Thomas and Matthew Arnold and Their Influence on English Education

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C. Scribner, 1897 - Education - 277 pages
 

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Page 273 - Helpers and friends of mankind. Servants of God! — or sons Shall I not call you? because Not as servants ye knew Your Father's innermost mind, His, who unwillingly sees One of his little ones lost — Yours is the praise, if mankind Hath not as yet in its march Fainted, and fallen, and died!
Page 266 - ye stars, ye waters, On my heart your mighty charm renew; Still, still let me, as I gaze upon you, Feel my soul becoming vast like you ! ' From the intense, clear, star-sown vault of heaven, Over the lit sea's unquiet way, In the rustling night-air came the answer: 'Wouldst thou be as these are? Live as they.
Page 230 - Twas August, and the fierce sun overhead Smote on the squalid streets of Bethnal Green, And the pale weaver, through his windows seen In Spitalfields, look'd thrice dispirited; I met a preacher there I knew, and said : " 1ll and o'erworked, how fare you in this scene ? " " Bravely! " said he; " for I of late have been Much cheer'd with thoughts of Christ, the living bread.
Page 46 - ... bring up, so as to escape his censure. I learnt from him, that Poetry, even that of the loftiest and, seemingly, that of the wildest odes, had a logic of its own, as severe as that of science; and more difficult, because more subtle, more complex, and dependent on more, and more fugitive causes. In the truly great poets, he would say, there is a reason assignable, not only for every word, but for the position of every word...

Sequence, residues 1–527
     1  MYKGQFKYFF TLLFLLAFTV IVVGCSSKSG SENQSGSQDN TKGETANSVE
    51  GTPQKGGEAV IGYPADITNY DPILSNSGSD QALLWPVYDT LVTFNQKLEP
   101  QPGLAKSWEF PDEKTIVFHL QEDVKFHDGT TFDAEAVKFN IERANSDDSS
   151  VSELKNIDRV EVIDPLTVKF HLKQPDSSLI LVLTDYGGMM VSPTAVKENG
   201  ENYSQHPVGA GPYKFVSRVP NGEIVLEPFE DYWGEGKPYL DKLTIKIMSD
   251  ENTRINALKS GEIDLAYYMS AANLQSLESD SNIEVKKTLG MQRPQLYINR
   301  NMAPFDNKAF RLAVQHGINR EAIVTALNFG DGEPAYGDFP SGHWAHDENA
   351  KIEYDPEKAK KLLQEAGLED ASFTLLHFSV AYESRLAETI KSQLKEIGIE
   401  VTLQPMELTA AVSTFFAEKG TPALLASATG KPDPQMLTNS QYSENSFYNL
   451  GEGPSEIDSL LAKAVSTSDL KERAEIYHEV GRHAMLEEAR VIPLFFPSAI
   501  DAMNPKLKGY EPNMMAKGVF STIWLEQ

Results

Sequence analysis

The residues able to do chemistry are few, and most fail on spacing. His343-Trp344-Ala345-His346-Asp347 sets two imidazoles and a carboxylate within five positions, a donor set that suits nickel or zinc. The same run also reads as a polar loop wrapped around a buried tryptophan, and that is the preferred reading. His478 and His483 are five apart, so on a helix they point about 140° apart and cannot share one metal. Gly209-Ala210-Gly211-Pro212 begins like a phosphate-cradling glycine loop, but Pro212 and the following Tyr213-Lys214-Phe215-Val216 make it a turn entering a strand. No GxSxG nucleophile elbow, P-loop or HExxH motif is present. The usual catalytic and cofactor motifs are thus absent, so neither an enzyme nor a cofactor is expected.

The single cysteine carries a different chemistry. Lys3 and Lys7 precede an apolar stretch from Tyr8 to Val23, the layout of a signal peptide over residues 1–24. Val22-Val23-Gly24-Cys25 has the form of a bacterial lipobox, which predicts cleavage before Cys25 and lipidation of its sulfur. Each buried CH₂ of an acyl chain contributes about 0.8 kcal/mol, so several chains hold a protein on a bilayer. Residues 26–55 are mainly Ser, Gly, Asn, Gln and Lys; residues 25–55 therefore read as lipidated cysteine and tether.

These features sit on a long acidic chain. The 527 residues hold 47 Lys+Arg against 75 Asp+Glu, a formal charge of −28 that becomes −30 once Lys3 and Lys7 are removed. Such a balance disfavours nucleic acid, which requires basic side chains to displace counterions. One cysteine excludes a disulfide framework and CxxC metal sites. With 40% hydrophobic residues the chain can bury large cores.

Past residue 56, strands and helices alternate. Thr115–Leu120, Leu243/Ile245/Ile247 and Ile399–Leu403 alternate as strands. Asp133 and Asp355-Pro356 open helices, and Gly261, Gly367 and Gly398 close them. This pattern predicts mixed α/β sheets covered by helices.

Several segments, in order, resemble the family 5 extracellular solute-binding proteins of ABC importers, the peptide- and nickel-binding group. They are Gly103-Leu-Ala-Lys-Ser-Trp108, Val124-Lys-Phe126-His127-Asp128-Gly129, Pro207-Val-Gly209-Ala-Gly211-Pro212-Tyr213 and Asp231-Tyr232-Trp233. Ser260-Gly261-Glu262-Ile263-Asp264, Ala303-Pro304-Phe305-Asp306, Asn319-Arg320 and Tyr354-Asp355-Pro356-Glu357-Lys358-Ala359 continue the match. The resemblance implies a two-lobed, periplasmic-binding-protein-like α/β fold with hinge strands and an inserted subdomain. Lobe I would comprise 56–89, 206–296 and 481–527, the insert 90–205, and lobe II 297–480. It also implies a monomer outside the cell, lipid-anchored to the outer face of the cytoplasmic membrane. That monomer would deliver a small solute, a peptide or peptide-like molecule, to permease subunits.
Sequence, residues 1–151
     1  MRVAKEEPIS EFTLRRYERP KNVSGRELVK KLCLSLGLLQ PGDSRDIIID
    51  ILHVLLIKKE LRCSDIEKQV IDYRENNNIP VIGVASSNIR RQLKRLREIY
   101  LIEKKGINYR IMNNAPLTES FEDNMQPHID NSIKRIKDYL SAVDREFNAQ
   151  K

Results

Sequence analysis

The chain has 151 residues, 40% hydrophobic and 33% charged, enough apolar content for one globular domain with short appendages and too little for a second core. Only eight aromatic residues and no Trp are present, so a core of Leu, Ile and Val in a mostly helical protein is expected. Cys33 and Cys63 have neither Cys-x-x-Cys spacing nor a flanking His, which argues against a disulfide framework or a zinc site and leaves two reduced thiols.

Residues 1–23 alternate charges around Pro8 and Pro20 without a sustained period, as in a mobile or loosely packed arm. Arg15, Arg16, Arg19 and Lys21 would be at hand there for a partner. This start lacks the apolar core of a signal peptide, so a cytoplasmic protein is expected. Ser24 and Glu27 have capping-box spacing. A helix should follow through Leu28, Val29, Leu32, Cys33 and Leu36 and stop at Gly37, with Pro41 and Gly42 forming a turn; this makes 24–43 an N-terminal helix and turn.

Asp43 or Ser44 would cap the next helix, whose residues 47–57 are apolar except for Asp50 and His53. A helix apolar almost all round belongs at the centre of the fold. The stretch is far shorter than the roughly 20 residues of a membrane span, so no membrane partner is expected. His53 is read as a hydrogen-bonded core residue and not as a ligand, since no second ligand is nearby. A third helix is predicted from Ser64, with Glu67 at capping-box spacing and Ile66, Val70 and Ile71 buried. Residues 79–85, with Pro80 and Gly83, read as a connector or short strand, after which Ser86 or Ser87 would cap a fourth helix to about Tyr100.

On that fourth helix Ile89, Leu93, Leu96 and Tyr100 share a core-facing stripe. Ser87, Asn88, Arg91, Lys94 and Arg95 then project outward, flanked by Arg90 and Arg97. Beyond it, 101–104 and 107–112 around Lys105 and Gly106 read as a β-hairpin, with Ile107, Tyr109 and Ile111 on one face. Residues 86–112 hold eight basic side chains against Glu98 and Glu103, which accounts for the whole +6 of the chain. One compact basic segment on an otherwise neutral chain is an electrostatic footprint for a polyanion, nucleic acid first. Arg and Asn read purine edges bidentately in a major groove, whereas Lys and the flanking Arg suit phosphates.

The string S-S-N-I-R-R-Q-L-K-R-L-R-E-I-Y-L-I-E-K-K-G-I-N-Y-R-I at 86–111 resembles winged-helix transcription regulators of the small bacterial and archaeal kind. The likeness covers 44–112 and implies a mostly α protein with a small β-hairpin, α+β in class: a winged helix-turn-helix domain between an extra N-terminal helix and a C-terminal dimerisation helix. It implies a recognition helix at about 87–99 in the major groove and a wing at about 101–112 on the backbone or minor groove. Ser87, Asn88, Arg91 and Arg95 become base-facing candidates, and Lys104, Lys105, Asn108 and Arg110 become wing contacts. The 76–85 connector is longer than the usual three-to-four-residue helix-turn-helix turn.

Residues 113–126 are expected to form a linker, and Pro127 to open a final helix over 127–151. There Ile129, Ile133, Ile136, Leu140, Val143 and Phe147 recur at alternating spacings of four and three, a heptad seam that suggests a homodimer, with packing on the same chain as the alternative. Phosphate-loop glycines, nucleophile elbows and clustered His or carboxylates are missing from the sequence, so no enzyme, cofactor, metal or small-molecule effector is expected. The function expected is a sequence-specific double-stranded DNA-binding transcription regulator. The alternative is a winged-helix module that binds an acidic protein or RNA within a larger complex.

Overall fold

Page 11 - He fought his doubts and gathered strength, He would not make his judgment blind, He faced the spectres of the mind And laid them: thus he came at length To find a stronger faith his own...
Page 248 - Absent thee from felicity awhile ..." or of "And what is else not to be overcome ..." or of "O martyr souded in virginitee!" I answer: It has not and cannot have them; it is the poetry of the builders of an age of prose and reason. Though they may write in verse, though they may in a certain sense be masters of the art of versification, Dryden and Pope are not classics of our poetry, they are classics of our prose.
Page 115 - Far before us lay the land of our Saxon and Teutonic forefathers, — the land uncorrupted by Roman or any other mixture ; the birthplace of the most moral races of men that the world has yet seen, — of the soundest laws, •— the least violent passions, and the fairest domestic and civil virtues.
Page 271 - O strong soul, by what shore Tarriest thou now ? For that force, Surely, has not been left vain ! Somewhere, surely, afar, In the sounding labor-house vast Of being, is practised that strength, Zealous, beneficent, firm...
Page 50 - ... often withheld it altogether, or checked himself in the very act of uttering it, from a sense that those whom he was addressing had not sufficient interest or sympathy to entitle them to receive it. His explanations were as short as possible —enough to dispose of the difficulty and no more; and his questions were of a kind to call the attention of the boys to the real point of every subject and to disclose to them the exact boundaries of what they knew or did not know.
Page 273 - Yes! I believe that there lived Others like thee in the past, Not like the men of the crowd Who all round me to-day Bluster or cringe, and make life Hideous, and arid, and vile; But souls temper'd with fire, Fervent, heroic, and good, Helpers and friends of mankind.

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